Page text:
sums will set you free
how to teach your child numbers arithmetic mathematics
multiplication and still more counting
I have already provided documents explaining where the problems, are on a technical and adult level. To dig into this, start at why aristotelian logic does not work and laying the foundations for sound education.
This sub-section of abelard.org is designed to lay out a rational and logical base for teaching arithmetic and mathematics from basics. I shall not always justify the methods in this section as I go along, but the methods are very relevant and purposefully structured. Throughout this section, many of the yellow links take you to a more advanced, or technical, explanation.
It is vital to understand that there is no fundamental or logical difference between the symbolism of teaching English and teaching arithmetic/mathematics. This congruence becomes part of the learner’s understanding. It is a deep and dangerous pedagogical error to allow the learner to imbibe the erroneous concept that mathematics and English are different “subjects”.
On these pages, you will be given basic methodology and necessary examples. You will not be provided with hundreds of examples, those you make up as you work with the learner, adjusting those examples according to the person’s problems. Some examples should be interspersed which are easy for the learner, in order to reinforce and to give experience of success, while others should be aimed at specific difficulties.
Multiplication can be regarded as repeated addition, or constant addition. But often, instead of adding just one each time, a collection or set of items is added again and again.
To illustrate, we are using fairly uniform objects: Cuisinaire rods, in general the smallest (one unit) rods.
Thus, for example, two-times multiplication can be regarded
A human can scan, while counting, numbers of objects up to about seven or eight objects at a glance. The greater the number of objects, the more difficult this becomes.
After a while, working out a name for each of these new collected groups of objects could become very tiresome.
So to make things easier, we make collections, or sets, of the numbers.
A convenient number of objects in a set, that has become traditional around the world, is ten. Thus, each time we gather ten things, we tend to regard them as a set or unit. I shall return to this shortly.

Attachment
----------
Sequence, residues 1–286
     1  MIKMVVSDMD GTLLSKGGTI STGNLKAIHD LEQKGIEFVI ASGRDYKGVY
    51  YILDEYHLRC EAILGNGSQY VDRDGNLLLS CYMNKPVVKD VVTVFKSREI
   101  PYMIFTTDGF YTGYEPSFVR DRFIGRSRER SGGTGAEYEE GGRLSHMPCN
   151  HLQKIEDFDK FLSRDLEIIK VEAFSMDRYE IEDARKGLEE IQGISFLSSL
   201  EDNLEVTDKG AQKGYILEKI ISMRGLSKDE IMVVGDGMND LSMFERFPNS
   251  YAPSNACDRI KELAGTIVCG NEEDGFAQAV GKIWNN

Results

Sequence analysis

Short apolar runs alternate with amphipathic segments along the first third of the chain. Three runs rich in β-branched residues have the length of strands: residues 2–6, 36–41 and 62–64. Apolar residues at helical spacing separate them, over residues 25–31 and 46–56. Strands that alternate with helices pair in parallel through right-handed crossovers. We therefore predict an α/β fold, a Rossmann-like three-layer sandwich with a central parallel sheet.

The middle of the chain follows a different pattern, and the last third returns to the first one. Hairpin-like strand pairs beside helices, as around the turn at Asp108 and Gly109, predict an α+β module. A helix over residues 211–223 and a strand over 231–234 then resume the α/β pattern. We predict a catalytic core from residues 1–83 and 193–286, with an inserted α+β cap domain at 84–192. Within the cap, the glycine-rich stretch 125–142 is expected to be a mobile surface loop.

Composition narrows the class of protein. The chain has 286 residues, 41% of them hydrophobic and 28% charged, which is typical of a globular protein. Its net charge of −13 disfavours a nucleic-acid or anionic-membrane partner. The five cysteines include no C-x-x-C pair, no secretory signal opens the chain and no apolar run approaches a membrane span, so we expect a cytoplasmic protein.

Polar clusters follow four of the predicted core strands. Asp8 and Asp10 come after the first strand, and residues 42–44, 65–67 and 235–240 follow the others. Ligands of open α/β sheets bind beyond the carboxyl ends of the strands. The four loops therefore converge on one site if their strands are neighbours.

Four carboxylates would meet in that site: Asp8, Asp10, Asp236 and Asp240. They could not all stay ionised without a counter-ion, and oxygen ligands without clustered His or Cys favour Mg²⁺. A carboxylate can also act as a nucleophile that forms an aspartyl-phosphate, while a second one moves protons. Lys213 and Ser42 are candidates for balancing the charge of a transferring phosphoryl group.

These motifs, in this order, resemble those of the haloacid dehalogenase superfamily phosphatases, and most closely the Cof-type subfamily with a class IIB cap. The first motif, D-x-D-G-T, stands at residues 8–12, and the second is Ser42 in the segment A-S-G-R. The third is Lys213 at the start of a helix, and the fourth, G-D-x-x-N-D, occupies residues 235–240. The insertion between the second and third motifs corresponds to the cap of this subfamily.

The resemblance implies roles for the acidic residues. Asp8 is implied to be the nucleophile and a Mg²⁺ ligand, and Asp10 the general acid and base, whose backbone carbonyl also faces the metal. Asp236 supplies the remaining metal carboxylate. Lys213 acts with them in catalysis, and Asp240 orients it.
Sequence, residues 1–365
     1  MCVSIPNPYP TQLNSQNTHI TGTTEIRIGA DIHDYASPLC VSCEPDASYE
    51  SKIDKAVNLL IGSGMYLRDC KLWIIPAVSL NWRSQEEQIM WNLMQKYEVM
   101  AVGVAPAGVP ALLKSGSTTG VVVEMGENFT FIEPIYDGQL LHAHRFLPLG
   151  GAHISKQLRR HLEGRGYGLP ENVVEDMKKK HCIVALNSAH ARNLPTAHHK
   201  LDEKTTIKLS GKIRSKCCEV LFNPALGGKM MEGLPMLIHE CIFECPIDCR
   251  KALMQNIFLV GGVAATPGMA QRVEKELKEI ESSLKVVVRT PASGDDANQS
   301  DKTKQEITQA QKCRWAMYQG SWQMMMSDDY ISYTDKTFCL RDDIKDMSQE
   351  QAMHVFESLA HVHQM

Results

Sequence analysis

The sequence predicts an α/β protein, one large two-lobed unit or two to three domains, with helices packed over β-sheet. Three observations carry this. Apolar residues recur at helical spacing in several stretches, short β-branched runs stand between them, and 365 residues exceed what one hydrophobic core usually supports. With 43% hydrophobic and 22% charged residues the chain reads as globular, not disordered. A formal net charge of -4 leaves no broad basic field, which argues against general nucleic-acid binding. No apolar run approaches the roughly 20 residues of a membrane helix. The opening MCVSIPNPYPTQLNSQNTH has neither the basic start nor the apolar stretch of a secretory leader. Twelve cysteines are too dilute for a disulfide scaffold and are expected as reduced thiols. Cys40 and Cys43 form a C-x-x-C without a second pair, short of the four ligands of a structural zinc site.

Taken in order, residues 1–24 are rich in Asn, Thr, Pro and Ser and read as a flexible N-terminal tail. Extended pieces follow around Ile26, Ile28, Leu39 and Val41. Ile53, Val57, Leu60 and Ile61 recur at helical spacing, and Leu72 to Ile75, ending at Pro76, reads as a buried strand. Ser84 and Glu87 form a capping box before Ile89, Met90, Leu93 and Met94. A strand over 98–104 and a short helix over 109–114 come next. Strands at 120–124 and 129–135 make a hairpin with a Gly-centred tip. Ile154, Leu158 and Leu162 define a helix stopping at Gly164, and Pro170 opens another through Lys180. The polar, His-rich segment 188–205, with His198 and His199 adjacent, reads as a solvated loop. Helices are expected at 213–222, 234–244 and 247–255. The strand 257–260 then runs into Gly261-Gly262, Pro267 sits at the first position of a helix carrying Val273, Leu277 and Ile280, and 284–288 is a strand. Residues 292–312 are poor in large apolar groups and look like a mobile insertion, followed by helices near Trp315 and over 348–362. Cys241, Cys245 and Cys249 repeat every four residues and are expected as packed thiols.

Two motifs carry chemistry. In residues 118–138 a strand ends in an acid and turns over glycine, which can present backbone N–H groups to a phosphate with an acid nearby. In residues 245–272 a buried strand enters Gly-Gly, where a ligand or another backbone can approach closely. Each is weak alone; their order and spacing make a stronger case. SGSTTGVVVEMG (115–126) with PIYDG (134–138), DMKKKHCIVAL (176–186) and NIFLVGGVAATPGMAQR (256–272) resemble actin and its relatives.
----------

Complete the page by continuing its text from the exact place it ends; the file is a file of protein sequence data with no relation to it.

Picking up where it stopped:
In the picture above, you will see seven collections of ten (and a couple of ten blocks along side).
Here we have six sets of ten and three blocks left over, 6 lots of 10 and 3 more. We don’t want to mix up the tens with the singles, any more than we want to mix up the snails with the lettuces. Keeping everything neat and sparse, we therefore assign a column to the singles and another column to the left for the tens.
Yes, I know you understand all this, it has become habitual to you, but you need to be in a position to recall the details in order to explain to the learner. You don’t need to make a meal of it, but you do need to explain to the child in words and concepts the child can follow. You don’t need to spell out every detail as I am doing here, but you should be organised enough to understand the complexity of what you are trying to teach. Remember that this is damn complicated if you are two, or three, or five, or eight, meeting this cascade of details for the first time, or if you have been taught by rote.
In the picture above, we have arrived at ten sets (collections) of ten, so we run out of the numbers one to nine. Thus, we have to form another column of the groups of ten tens, that is for the hundreds. Thus:
Don’t be over-eager for this to go in and stick immediately or at one time. Be content that it will seep in on repetition and as you move back and forth among the concepts/problems.
Remember the cloth with no things on it.
The idea of nothing is causing people considerable confusion, and you don’t want that confusion to enter the mind of the learner.
Nothing, or no-thing, does not mean that there is nothing there, the cloth is there and the air around it. The just isn’t a block on the cloth at the moment. There ain’t no such thing as no thing. If there were, it wouldn’t be there...where???
What we do need zero for, is as a placeholder where there is no ones or tens or hundreds or whatever.
Using a number as a placeholder
Below is a completed multiplication cross-table for the numbers 0 to 10.
Learning by rote suits some people and not others. You will see from the cross-table above that I have marked up the two-times, the five-times and the ten-times tables. These are extremely easy tables to learn. The diagonal on the squares of numbers is also marked. These tend to be fun to learn and memorise.